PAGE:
Australians Have So Much Debt They're Becoming Afraid to Spend

Data analyst Ben Reid recently took out a 25-year loan on a home outside Sydney despite a frothy housing market in Australia, believing in the market's staying power. Payments on the $500,000 mortgage will consume about half his take-home pay.

"I'd like a new car in the next couple of years but not sure where that cash will come from," said Mr. Reid, who is married with a 2-year-old son.

Big personal debts and spending worries like Mr. Reid's are a gathering storm over Australia's economy, threatening a 25-year streak without recession. Growth rose an anemic 0.3% in the first quarter, Australia's statistics bureau said on Wednesday, putting annual growth on track to be the weakest since September 2009.

Consumer spending has helped to cushion a deep downturn in mining investment when commodity prices slumped a few years ago. Consumption accounts for more than half of Australian GDP growth, of which nearly a third is retail sales.

But much of that spending is from borrowed money rather than from savings or higher wages. Australia's savings rate fell to 4.7% in the first quarter, a 10-year low.

As a result, Australian household debt has risen to a record 212% of income, according to the latest available data from the Organization for Economic Cooperation and Development. That's the fourth-highest globally after Norway, the Netherlands, and Denmark, and higher than the U.S. peak of 143% just before the 2007 global financial crisis.

Now, as consumers bump up against the limits of their credit, that debt is biting into their spending, economists say.

Retail sales in Australia have fallen or been flat for three of the past five months, the worst conditions in years. Wage growth is the lowest on record, according to government data going back nearly two decades.

"Australia is decoupling further from the global recovery, with the consumer facing a cash flow and credit crunch," Morgan Stanley analysts said this week.

Signs of stress are growing on Main Street. A spate of retail bankruptcies since January has included shirt-sellers, shoe shops and fashion clothing chains. Among them was the Australian franchisee of U.K. retailer Topshop, which only set up shop here six years ago. The chain had nine stores, an online shop and space in 17 department-stores making around A$90 million in annual revenue when insolvency specialists took charge on May 24.

Gerard Toweel, who manages a vendor of musical instruments south of Sydney, Guitar World, said his business has stopped expanding and hiring as sales slow. "I wouldn't be surprised if the economy slides into a recession," Mr. Toweel said.

At a policy meeting on Tuesday, Australia's central bank said it was concerned that poor wage growth is crimping consumer spending and said that scenario is likely to persist.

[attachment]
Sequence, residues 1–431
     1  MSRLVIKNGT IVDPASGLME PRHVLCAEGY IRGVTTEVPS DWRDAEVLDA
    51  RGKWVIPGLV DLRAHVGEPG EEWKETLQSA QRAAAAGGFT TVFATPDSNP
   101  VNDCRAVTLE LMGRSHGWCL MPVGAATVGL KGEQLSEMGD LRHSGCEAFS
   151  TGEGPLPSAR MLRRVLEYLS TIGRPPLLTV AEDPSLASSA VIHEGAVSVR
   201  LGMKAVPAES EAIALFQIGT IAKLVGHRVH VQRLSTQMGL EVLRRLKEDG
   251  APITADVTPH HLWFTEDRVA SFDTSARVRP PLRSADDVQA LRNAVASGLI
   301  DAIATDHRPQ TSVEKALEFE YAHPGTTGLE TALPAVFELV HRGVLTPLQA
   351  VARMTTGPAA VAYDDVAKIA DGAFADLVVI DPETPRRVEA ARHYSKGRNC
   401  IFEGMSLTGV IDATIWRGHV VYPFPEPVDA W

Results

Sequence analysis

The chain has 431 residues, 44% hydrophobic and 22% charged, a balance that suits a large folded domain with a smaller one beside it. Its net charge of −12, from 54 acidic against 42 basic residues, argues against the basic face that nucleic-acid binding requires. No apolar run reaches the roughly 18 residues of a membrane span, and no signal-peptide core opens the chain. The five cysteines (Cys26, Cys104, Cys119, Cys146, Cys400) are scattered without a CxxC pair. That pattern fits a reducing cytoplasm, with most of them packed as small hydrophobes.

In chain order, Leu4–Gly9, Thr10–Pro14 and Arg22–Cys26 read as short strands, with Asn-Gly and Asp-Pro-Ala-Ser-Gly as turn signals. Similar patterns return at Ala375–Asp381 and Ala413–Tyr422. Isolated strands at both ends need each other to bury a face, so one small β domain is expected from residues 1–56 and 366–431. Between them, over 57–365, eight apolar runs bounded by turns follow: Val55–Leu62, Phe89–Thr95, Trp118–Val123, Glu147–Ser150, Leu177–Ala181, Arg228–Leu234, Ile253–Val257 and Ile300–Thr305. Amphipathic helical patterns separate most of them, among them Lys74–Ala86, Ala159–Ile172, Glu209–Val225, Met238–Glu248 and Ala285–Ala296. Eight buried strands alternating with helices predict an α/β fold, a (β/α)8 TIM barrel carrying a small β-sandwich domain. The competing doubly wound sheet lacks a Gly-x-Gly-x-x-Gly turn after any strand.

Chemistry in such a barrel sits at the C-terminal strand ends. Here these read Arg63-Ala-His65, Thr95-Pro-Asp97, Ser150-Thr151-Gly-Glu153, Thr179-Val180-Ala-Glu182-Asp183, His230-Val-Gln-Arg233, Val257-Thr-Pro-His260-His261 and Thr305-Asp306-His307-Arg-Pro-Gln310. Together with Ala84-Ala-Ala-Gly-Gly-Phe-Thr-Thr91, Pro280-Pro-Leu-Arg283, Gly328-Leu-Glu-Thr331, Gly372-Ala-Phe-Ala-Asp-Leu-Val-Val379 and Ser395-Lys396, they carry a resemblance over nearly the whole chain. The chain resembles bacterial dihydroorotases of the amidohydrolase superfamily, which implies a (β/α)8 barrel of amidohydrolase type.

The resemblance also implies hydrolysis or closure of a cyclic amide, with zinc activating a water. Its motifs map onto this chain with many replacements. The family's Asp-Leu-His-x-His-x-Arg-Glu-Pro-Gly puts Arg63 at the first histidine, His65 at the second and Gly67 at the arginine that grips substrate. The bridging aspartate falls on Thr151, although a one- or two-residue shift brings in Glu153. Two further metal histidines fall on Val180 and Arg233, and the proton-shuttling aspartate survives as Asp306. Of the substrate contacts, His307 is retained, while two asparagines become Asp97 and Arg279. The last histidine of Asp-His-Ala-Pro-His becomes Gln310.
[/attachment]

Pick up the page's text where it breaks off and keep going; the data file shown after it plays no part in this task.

A downturn in consumer spending risks undermining the government's budget projections released just weeks ago. After a decade of budget deficits, the government projects a surplus in the coming years with aid from rising wages. Many economists thought that outlook was overly optimistic.

Failure to meet the surplus targets could lead to Australia losing its AAA sovereign credit rating, which would drive up borrowing costs for federal and state governments, and the country's big banks.

To be sure, recent softness in consumer spending may reflect temporary factors, such as a cyclone that left a trail of destruction in eastern Australia in March.

But many economists aren't convinced that weak GDP growth will be short-lived, saying record-low wages growth and the rising debt burden are the source of the spending slowdown.

"The retail sector is verging on recession," said Josh Williamson, senior economist at Citigroup.

The real-estate sector is a top concern.

Low interest rates led many households to bet on property, often taking bank loans that required no down payment on a house. House prices in Sydney and Melbourne, the nation's two biggest cities, rose 11.1% and 11.5% in the year through May 31, according to an analysis by data company CoreLogic.

Now, as the U.S. leads the world in shifting to a cycle of rate increases, ratings firms and economists worry those bets could sour in Australia.

"You're second guessing whether you've spent too much over the weekend and weekly grocery shop," said Mr. Reid, the data analyst. "As much as we're aren't crippled at the moment, the uncertainty of what could happen always makes you double think."

Write to James Glynn at

(END) Dow Jones Newswires

June 07, 2017 05:36 ET (09:36 GMT)